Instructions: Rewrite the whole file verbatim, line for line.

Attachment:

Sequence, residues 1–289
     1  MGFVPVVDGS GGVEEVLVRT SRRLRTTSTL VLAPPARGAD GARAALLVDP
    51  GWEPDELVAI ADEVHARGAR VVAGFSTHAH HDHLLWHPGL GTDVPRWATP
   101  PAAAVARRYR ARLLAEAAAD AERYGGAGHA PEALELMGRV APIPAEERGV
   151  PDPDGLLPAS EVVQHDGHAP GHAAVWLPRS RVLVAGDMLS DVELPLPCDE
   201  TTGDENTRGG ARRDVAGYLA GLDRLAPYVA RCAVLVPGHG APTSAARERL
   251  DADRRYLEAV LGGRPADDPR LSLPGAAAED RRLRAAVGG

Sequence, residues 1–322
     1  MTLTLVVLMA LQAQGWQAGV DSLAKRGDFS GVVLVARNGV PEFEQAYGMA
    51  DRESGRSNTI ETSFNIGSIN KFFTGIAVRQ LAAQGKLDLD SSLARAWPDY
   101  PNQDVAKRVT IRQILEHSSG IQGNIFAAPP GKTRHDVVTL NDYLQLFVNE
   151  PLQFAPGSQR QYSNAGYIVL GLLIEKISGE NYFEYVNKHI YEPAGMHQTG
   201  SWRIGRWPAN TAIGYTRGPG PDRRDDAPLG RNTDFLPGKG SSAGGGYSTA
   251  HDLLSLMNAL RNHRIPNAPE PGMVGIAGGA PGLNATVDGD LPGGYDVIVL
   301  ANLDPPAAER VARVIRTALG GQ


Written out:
Sequence, residues 1–289
     1  MGFVPVVDGS GGVEEVLVRT SRRLRTTSTL VLAPPARGAD GARAALLVDP
    51  GWEPDELVAI ADEVHARGAR VVAGFSTHAH HDHLLWHPGL GTDVPRWATP
   101  PAAAVARRYR ARLLAEAAAD AERYGGAGHA PEALELMGRV APIPAEERGV
   151  PDPDGLLPAS EVVQHDGHAP GHAAVWLPRS RVLVAGDMLS DVELPLPCDE
   201  TTGDENTRGG ARRDVAGYLA GLDRLAPYVA RCAVLVPGHG APTSAARERL
   251  DADRRYLEAV LGGRPADDPR LSLPGAAAED RRLRAAVGG

Sequence, residues 1–322
     1  MTLTLVVLMA LQAQGWQAGV DSLAKRGDFS GVVLVARNGV PEFEQAYGMA
    51  DRESGRSNTI ETSFNIGSIN KFFTGIAVRQ LAAQGKLDLD SSLARAWPDY
   101  PNQDVAKRVT IRQILEHSSG IQGNIFAAPP GKTRHDVVTL NDYLQLFVNE
   151  PLQFAPGSQR QYSNAGYIVL GLLIEKISGE NYFEYVNKHI YEPAGMHQTG
   201  SWRIGRWPAN TAIGYTRGPG PDRRDDAPLG RNTDFLPGKG SSAGGGYSTA
   251  HDLLSLMNAL RNHRIPNAPE PGMVGIAGGA PGLNATVDGD LPGGYDVIVL
   301  ANLDPPAAER VARVIRTALG GQ